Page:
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"What does a university provost do?"

So asks a faithful reader of the Door. Here are three answers.

1. Boilerplate from the University of Virginia:

The Vice President and Provost of the University is the chief academic officer of the University. The provost is charged by the Board of Visitors and the president with overseeing education, research, and public service in the College and Graduate School of Arts & Sciences, in each of the other schools of the University except Medicine and Nursing, in the University's libraries and museums, and in numerous other academically related units of the University.

2. A smartass answer from an anonymous person commenting at the Yale Daily News:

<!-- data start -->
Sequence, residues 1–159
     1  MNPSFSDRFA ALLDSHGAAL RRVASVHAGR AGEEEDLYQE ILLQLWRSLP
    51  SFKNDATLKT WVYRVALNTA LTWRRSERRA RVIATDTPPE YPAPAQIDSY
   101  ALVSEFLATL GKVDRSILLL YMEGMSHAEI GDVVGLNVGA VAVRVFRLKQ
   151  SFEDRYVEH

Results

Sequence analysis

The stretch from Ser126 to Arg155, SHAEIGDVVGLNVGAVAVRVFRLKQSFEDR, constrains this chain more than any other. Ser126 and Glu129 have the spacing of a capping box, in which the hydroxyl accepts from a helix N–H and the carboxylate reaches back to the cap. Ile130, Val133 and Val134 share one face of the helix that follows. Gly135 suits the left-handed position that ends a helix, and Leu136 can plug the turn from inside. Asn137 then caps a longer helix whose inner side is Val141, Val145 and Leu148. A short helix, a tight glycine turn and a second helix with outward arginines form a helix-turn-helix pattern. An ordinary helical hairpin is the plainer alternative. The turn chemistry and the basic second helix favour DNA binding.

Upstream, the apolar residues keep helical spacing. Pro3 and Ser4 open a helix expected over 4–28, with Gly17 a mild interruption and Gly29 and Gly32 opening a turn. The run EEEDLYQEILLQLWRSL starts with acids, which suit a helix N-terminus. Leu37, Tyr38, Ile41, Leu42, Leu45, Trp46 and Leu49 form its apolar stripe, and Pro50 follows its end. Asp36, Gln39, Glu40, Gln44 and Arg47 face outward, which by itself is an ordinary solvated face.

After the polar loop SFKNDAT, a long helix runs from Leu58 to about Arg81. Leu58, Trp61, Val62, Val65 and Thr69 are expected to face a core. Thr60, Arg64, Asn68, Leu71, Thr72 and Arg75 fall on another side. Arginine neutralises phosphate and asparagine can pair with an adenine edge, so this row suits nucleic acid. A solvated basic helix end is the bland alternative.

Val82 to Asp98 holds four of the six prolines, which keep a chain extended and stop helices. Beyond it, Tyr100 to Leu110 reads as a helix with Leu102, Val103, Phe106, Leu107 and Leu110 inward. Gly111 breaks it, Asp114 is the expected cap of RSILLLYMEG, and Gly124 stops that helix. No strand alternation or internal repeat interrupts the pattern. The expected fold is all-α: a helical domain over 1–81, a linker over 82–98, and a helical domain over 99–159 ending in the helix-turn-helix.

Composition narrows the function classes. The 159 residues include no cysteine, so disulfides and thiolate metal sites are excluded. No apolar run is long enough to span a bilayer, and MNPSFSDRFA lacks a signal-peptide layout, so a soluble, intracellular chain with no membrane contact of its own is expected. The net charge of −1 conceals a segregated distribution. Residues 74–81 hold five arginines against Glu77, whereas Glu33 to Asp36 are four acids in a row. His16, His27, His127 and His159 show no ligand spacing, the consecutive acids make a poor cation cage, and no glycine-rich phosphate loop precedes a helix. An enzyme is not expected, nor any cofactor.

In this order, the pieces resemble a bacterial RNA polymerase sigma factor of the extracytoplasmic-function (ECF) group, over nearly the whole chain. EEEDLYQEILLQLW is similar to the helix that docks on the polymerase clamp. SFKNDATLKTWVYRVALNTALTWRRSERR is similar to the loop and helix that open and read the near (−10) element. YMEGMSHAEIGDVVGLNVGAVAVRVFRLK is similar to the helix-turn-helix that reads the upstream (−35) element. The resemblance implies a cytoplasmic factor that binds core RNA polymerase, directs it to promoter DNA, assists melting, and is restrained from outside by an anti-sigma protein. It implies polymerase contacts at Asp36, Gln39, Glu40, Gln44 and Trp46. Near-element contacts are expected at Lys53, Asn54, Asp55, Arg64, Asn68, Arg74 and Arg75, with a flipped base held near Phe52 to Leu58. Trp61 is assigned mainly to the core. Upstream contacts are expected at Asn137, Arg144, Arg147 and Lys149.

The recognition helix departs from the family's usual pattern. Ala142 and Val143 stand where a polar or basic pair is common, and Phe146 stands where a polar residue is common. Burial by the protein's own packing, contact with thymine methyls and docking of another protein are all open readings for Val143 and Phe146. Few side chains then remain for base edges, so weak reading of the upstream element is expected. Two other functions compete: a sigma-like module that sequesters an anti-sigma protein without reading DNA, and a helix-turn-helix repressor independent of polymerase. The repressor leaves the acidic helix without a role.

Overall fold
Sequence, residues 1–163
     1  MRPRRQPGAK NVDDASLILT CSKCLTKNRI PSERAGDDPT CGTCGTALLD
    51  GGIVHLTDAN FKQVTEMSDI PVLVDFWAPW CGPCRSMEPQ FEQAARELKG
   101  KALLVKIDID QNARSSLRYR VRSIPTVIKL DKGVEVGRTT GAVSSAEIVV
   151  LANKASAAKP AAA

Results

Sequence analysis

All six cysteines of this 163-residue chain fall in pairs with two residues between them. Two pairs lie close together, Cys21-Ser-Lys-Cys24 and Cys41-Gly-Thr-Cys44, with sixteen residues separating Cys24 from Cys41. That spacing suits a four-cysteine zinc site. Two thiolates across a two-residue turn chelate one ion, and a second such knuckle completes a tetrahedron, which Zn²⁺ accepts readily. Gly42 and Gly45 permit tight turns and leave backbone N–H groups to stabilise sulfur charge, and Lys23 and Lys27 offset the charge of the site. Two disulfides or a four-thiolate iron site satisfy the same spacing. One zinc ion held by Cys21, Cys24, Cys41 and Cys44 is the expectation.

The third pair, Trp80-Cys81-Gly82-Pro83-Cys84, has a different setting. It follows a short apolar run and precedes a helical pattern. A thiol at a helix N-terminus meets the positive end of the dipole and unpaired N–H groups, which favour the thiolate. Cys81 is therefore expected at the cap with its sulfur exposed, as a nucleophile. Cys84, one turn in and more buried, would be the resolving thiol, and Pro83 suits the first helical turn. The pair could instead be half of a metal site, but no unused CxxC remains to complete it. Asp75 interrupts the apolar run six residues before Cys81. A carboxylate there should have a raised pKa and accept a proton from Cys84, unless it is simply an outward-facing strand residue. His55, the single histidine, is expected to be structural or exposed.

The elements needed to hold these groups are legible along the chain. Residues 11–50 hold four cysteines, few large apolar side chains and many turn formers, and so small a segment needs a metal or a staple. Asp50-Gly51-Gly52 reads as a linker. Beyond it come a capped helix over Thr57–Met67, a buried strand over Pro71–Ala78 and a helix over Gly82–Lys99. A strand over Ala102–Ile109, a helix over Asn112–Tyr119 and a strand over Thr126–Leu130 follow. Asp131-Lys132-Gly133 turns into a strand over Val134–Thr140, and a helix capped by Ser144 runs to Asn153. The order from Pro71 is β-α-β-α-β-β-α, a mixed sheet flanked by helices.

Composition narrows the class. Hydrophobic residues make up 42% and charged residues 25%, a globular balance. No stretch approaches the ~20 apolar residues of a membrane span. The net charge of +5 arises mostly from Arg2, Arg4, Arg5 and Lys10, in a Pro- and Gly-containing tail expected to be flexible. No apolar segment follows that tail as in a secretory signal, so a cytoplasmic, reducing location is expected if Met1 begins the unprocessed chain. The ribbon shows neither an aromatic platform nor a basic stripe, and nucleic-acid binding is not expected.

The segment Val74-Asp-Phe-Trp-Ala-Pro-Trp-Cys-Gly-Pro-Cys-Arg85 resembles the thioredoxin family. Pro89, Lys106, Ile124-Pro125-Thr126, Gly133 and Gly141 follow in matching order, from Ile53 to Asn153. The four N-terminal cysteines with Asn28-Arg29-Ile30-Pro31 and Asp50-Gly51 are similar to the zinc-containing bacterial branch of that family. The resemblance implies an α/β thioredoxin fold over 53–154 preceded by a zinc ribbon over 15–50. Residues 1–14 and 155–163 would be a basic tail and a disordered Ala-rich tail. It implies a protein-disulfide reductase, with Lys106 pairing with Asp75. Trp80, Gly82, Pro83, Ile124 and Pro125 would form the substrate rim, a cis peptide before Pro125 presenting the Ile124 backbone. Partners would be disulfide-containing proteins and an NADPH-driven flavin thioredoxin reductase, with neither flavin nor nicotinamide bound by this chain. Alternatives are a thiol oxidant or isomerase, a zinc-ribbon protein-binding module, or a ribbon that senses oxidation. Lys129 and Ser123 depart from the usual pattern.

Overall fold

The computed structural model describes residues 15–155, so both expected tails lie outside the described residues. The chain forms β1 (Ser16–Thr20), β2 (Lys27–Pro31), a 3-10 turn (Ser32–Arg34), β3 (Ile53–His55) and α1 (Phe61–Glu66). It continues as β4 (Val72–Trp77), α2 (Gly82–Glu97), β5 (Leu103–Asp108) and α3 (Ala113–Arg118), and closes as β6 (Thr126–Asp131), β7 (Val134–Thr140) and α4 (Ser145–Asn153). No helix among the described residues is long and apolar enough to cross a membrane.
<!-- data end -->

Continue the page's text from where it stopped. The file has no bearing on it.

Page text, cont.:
. . . a Provost is someone who stays for a few years and then leaves to become the President of a university. 

3. Finally, and best, a three-quarters serious, one-quarter funny explanation from the current provost of Georgetown University. (Read the whole thing.)

I know a lot about people. The tenure documents that I see every year provide a window into the private workings of departments, throwing light on the issues that faculty members will bring to the administration. Show me a tenure dossier from your department, and I can immediately tell you whether your group is on the rise or decline, whether it is a collegial place to work or a bus station, and whether we're going to have to hire an outside chairman in five years to unleash its energy.

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